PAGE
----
That said, the Motion 6 Hiker isn't a flimsy road-to-trail shoe. Sure, I wouldn't pick these shoes for scrambling up Chaminox, but they are more adequate for walking on forest paths and easy trails. My favourite part of the shoes is the supportive ankle area. I wouldn't call the Motion 6 Hiker hiking boots, but as far as walking shoes go, they provide excellent ankle support.
On one of my walks, I managed to get the upper wet, or, more like, stained – these things happen when you're out and about. Thankfully, the "special treatment" applied to the upper made it easy to remove the dirt. All I had to do was wipe the area in question with a microfibre cloth. Of course, the leather bits are more faff to keep clean, but not impossible.
Or, you know, you can just not worry about keeping your Timberland Greenstride Motion 6 Hiker box fresh. After all, they are designed to go off-road, which will always involve some dirt.
But I digress; let's talk about performance instead. The GreenStride sole feels bouncy and fresh underfoot, providing a lot of energy return. I appreciated the heel and the ankles being thoroughly supported by the upper, and despite the super-padded toebox, I detected no pressure on my toes or forefoot.
In terms of grip, the lugs are plenty deep enough to support your stride on grassy, muddy paths; however, I wouldn't dare go through monster puddles in the Motion 6 Hiker. For what it's for, light hiking and walking, the shoes are pretty much perfect.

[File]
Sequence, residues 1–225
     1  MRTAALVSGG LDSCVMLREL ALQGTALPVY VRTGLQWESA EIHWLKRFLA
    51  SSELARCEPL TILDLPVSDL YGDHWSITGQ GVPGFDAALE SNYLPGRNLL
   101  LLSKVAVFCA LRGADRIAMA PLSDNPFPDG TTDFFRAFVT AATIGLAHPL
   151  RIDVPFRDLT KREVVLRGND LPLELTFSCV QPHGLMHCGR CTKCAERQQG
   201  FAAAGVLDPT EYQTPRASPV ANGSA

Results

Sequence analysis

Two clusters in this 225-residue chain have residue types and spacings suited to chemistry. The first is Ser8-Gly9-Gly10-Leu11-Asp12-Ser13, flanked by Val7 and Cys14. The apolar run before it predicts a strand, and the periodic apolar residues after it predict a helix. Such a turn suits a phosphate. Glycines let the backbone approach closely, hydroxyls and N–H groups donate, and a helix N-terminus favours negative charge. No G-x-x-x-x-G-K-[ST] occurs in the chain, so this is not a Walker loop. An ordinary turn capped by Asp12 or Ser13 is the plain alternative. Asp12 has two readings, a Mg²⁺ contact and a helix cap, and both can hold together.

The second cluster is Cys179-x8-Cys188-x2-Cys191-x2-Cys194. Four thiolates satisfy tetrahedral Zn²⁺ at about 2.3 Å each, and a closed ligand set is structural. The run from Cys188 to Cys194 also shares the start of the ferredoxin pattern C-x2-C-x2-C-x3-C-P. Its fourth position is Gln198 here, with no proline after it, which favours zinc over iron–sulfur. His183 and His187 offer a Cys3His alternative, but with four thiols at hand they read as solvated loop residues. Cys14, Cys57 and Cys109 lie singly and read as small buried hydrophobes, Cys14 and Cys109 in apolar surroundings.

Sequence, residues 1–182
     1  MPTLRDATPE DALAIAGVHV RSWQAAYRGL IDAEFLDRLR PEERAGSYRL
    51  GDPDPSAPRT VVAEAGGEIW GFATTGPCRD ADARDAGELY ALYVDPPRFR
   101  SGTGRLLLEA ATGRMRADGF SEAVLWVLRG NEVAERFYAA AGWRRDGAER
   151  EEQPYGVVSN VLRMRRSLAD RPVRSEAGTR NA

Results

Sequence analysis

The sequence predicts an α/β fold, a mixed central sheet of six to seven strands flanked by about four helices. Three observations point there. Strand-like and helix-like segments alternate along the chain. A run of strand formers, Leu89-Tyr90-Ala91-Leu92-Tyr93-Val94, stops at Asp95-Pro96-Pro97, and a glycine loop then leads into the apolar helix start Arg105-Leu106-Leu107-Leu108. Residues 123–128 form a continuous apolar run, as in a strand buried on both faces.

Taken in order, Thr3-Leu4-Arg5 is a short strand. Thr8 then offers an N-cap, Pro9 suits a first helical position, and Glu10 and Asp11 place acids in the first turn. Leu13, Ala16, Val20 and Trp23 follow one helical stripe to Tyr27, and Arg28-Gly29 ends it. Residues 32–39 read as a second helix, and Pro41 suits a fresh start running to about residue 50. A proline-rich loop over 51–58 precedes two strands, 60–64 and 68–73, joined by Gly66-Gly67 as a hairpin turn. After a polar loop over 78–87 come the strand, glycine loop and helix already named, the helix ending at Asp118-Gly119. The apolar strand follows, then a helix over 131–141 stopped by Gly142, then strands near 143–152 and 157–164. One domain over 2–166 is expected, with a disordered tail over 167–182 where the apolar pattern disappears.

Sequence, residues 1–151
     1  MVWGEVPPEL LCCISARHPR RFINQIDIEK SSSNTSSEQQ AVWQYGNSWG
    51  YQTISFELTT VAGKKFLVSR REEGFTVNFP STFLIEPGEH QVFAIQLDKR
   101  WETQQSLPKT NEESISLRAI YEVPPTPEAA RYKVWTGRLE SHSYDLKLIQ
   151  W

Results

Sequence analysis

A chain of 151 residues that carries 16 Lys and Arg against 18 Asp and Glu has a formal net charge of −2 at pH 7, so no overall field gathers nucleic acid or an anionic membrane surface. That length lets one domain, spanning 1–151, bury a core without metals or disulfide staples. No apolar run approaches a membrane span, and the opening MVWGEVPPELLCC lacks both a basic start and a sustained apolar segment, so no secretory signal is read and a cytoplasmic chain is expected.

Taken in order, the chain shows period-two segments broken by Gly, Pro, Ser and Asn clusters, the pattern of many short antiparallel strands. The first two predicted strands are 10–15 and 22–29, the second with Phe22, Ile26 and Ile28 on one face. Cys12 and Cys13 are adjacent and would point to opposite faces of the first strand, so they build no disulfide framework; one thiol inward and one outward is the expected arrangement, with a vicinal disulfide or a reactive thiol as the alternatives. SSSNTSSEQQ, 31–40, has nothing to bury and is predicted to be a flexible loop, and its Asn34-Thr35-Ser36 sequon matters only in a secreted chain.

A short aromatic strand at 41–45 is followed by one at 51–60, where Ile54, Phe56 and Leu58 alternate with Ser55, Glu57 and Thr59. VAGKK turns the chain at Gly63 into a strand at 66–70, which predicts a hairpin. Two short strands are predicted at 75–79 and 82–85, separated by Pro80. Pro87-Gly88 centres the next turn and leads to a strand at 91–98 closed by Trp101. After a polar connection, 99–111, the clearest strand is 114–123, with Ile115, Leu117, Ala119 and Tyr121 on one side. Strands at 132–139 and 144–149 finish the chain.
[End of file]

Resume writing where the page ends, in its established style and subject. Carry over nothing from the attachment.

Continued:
Timberland Greenstride Motion 6 Hiker review: Verdict
Before writing this review, I had no idea what to expect from the Timberland Greenstride Motion 6 Hiker. Will it be a token green product in Timerland's ever-increasing footwear portfolio? Will it be okay for 'urban adventures' but nothing else? Will it live up to its sustainability credentials?
The more I looked into the company and the walking shoe, the more I understood and appreciated the Motion 6 Hiker. It's comfortable, made sustainably and even looks great – what's not to like? I'm sure the style of the shoes will put some hikers off, but that's okay. There are plenty of traditional-looking walking shoes available from outdoor brands.
They aren't crazy expensive, either, and I'm sure the price will drop soon enough (if I could choose again, I would probably pick the Dark Green version). I enjoyed wearing the Timberland Greenstride Motion 6 Hiker for my off-road adventures and will continue using them wherever possible. If you need a comfortable, good-looking walking shoe, consider the Motion 6 Hiker from Timberland.
Timberland Greenstride Motion 6 Hiker review: Also consider
Currently occupying the number one spot in our walking shoe guide, the Keen WK400 has a unique rocker-shaped midsole that helps you easily roll forward. And thanks for the buckets of cushioning, Keen's new walking shoes will see you go the extra mile with ease. Read Jamie's full Keen WK400 Walking Shoe review.
Salomon also has strong street cred, just like Timberland. Their X Ultra 4 GTX is a hybrid walking shoe that combines the comfort and nimbleness of a trail runner with the added protection and sure-footedness of a dedicated walking shoe. Read Matt's full Salomon X Ultra 4 GTX review.
Finally, the Hoka One One Anacapa Low is a different, eye-catching and technically competent shoe, providing neutral support and oodles of comfort. "This is one hiking shoe not to be lightly dismissed", said Mark in his full Hoka One One Anacapa Low Gore-Tex review.